Docker Community Forums

Share and learn in the Docker community.

Linking source to recipient container - how is port identified , though implicitly?


(Ben Zhou) #1

To my understanding, linking is about establishing implicit port connection to source container in recipient container, thus avoid explicitly exposing source port, or mapping host port to the source container port. Is this correct?

But in the examples using linking in the tutorial, there isn’t a source port specified when starting the source container:

Create the source container using postgres:
docker run -d --name database postgres
a ‘docker ps’ does show the port 5432, though no mapping.

Create the recipient container and link it to source container:
docker run -d -P --name website --link database:db nginx

My question is: how does the recipient container know which port on the source container to connect to? why is ‘–name’ declaration enough to provide direct connection?


(David Maze) #2

Two and a half answers:

  1. The environment variable DB_PORT_5432_TCP has the port number. The 5432 in this is EXPOSEd in the postgres container’s Dockerfile.
  2. The application is probably ignoring this and connecting to the host name “db” using the standard PostgreSQL port 5432. (--link enables direct container-to-container communication, and I don’t think any version of configuration of Docker ever remapped ports.)
  3. If you are using the newer Docker private network system, you don’t need --link; one container can directly use the other container’s name “database” as a host name and, again, use the standard PostgreSQL port.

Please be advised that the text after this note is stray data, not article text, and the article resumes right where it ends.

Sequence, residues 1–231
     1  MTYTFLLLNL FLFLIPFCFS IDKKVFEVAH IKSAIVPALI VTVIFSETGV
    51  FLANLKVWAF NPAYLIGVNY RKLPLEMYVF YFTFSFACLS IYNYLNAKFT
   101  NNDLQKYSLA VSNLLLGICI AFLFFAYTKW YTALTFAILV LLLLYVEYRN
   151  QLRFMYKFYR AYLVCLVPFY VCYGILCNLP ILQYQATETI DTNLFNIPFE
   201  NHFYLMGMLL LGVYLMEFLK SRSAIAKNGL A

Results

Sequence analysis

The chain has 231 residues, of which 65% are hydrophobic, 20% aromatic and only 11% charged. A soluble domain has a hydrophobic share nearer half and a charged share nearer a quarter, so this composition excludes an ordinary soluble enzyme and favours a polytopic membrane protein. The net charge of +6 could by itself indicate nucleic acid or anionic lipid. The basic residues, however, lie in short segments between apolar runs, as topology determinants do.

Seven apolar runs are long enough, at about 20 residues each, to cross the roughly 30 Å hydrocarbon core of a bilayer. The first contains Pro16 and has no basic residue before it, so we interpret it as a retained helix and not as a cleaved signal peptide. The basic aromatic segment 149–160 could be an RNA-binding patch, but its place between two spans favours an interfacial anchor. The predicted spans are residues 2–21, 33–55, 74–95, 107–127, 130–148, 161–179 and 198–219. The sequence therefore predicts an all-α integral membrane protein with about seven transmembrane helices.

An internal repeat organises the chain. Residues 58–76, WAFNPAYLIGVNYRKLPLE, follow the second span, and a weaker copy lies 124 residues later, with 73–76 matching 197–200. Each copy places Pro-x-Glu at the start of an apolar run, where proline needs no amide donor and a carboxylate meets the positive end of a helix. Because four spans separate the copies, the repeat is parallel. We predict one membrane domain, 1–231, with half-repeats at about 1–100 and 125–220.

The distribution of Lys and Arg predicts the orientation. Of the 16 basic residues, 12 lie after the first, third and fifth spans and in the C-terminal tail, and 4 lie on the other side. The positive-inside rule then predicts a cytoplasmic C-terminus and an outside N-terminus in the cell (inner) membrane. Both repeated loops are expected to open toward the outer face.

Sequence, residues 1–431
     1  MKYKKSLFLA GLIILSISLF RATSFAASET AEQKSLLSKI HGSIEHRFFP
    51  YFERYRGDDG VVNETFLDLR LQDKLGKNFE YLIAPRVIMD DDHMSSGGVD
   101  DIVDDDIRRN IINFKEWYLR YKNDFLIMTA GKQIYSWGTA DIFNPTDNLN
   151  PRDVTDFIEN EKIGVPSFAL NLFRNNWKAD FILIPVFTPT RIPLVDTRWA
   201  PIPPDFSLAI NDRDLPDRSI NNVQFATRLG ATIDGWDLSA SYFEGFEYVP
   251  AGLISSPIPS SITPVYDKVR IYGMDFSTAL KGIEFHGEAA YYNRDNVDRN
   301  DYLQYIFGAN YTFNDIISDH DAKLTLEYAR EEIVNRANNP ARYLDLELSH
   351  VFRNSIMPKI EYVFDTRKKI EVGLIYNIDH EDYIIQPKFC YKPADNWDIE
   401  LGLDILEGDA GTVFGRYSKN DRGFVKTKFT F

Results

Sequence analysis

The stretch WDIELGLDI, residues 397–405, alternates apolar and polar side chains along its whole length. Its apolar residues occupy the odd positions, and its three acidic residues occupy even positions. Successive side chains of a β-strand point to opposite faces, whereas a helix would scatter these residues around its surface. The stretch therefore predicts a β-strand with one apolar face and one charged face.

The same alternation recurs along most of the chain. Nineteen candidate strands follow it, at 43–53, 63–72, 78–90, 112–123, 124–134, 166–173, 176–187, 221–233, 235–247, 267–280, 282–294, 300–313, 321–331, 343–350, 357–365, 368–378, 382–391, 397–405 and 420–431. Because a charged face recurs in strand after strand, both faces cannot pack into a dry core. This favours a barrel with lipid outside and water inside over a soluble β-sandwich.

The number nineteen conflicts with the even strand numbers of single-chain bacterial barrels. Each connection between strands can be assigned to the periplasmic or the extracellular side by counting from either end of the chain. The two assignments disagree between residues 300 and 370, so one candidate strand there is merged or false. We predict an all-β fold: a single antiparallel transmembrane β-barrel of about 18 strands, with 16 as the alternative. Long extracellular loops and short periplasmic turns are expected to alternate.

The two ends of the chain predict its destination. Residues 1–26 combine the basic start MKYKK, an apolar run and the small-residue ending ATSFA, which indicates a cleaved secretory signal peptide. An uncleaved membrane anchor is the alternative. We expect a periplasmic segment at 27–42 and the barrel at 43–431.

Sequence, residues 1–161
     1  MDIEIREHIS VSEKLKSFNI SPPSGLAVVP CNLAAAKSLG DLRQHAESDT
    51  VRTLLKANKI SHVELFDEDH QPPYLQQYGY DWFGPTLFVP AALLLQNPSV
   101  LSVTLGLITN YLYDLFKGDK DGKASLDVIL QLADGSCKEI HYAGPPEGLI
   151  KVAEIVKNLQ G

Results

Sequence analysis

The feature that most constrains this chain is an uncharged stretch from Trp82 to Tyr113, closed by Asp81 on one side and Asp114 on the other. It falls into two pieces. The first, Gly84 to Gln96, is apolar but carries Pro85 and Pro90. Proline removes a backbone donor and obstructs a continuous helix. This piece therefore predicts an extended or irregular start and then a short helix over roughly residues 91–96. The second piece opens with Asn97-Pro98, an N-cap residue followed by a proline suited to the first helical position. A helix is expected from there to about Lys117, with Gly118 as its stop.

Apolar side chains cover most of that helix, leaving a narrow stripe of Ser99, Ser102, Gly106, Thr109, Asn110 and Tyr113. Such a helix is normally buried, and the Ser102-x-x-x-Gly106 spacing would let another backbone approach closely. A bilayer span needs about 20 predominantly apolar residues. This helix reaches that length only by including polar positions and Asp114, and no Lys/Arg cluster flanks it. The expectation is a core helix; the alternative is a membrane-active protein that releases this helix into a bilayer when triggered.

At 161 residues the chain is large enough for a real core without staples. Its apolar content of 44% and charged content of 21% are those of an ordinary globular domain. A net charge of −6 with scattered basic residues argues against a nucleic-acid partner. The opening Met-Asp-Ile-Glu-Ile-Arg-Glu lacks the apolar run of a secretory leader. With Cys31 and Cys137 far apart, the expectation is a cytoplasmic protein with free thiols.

(Ben Zhou) #3

thank you so much for the detailed explanation.

Actually the tutorial said the reason to use --link is so it can avoid EXPOSing port.

How can I specify a default port while building an image? Specifically, I’m working on creating an MQSeries container image, using a ‘standard’ port of 1440 across the board. An application container will access MQ queue manager via this port.

Right now, I explicitly map the container port 1440 to 11440 on the host. The application container access MQ via 11440 on the host. I would like to use linking so I don’t need to map port. As you explained, I need to set a standard port in the source image. How should I accomplish that?

Also, what is the ‘newer docker private network system’? is it something to install in addition to docker?

many thanks,


(David Maze) #4

Your tutorial might be wrong. The Dockerfile EXPOSE command does two things: the list of ports it names are “exported” to other containers in environment variables using the old-style docker run --link, and the list of ports it names are published on arbitrary ports when you docker run -P (capital P) a container.

You might use docker run --link to avoid needing to explicitly docker run -p 11440:1440 each individual port and needing to know the host IP address.

Is this the “normal” MQ port (in the same way that 443 is the “normal” HTTP/TLS port, 22 is the “normal” ssh port, 5432 is the “normal” PostgreSQL port, etc.)? You can use the same port number on both sides of the -p option if it helps you (in fact that’s pretty typical) which could make it so you don’t have to change client applications’ port settings.

I’d probably start here: https://docs.docker.com/engine/userguide/networking/dockernetworks/#/user-defined-networks

I say “new” in that this functionality was added in Docker…1.9? 1.10? and even though the official documentation is starting to discourage --link it still works and there’s still a lot of material out there that recommends it.